Showcase of Architectural Drawings at Venice Architecture Biennale

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June 11, 2014
100 drawings by Daniel Libeskind, screen-printed on glass panels, fill the Venice Pavilion. Read Full Article
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  Just outside the Venice Pavilion, visitors are greeted by a sculpture whose cross shape, says Libeskind, recalls the axis as fundamental to architectural drawing. Photo by Paul Clemence.
    Just outside the Venice Pavilion, visitors are greeted by a sculpture whose cross shape, says Libeskind, recalls the axis as fundamental to architectural drawing. Photo by Paul Clemence.
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  In an anteroom, a glass chandelier, designed by Libeskind and produced in conjunction with Lasvit, conjures a sense of both the fecundity of geometry and the materiality of light. Photo by Paul Clemence.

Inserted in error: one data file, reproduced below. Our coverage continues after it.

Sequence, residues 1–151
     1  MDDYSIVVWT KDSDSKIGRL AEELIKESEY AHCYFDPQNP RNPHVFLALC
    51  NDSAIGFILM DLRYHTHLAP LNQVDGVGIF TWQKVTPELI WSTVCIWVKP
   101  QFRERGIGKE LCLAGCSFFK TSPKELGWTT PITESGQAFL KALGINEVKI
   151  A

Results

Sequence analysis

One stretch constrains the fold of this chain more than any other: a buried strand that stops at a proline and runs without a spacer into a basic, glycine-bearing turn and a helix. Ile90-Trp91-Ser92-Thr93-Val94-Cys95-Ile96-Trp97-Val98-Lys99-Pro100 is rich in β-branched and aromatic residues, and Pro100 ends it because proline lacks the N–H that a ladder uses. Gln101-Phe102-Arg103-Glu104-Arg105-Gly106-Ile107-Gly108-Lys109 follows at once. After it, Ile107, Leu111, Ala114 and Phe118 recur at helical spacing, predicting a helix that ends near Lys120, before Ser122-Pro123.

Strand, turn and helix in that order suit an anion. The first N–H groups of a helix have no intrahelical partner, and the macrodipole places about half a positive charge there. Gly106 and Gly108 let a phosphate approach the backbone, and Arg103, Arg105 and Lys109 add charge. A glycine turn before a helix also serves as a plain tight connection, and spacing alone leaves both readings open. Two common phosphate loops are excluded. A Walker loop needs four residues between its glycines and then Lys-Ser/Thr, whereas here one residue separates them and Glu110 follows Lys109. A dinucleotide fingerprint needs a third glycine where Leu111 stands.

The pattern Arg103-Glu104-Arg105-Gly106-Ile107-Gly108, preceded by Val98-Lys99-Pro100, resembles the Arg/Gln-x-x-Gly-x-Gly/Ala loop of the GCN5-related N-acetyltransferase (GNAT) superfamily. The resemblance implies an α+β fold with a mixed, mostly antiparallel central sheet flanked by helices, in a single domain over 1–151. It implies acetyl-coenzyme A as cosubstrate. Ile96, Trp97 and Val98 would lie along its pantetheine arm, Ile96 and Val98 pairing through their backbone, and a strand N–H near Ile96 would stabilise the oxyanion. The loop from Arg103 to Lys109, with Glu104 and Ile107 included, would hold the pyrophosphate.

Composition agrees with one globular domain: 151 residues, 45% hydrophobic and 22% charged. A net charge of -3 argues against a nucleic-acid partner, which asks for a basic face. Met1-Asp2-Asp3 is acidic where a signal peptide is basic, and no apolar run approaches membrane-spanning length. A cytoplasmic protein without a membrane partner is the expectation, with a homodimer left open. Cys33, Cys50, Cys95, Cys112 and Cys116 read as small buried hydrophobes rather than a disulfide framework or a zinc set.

In an anteroom, a glass chandelier, designed by Libeskind and produced in conjunction with Lasvit, conjures a sense of both the fecundity of geometry and the materiality of light. Photo by Paul Clemence.
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  Exploring boundary between representation, and abstraction, Libeskind’s 100 drawings have been printed on glass and hung, scale-like, on a complex mounting that follows the challenging curve of Venice Pavilion. Photo by Massimo Listri.
    Exploring boundary between representation, and abstraction, Libeskind’s 100 drawings have been printed on glass and hung, scale-like, on a complex mounting that follows the challenging curve of Venice Pavilion. Photo by Massimo Listri.
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  The glass panels are meant to be seen by moving clockwise along the curve. When you turn around and move counterclockwise, the images become pure abstraction. Photo by Paul Clemence.
    The glass panels are meant to be seen by moving clockwise along the curve. When you turn around and move counterclockwise, the images become pure abstraction. Photo by Paul Clemence.

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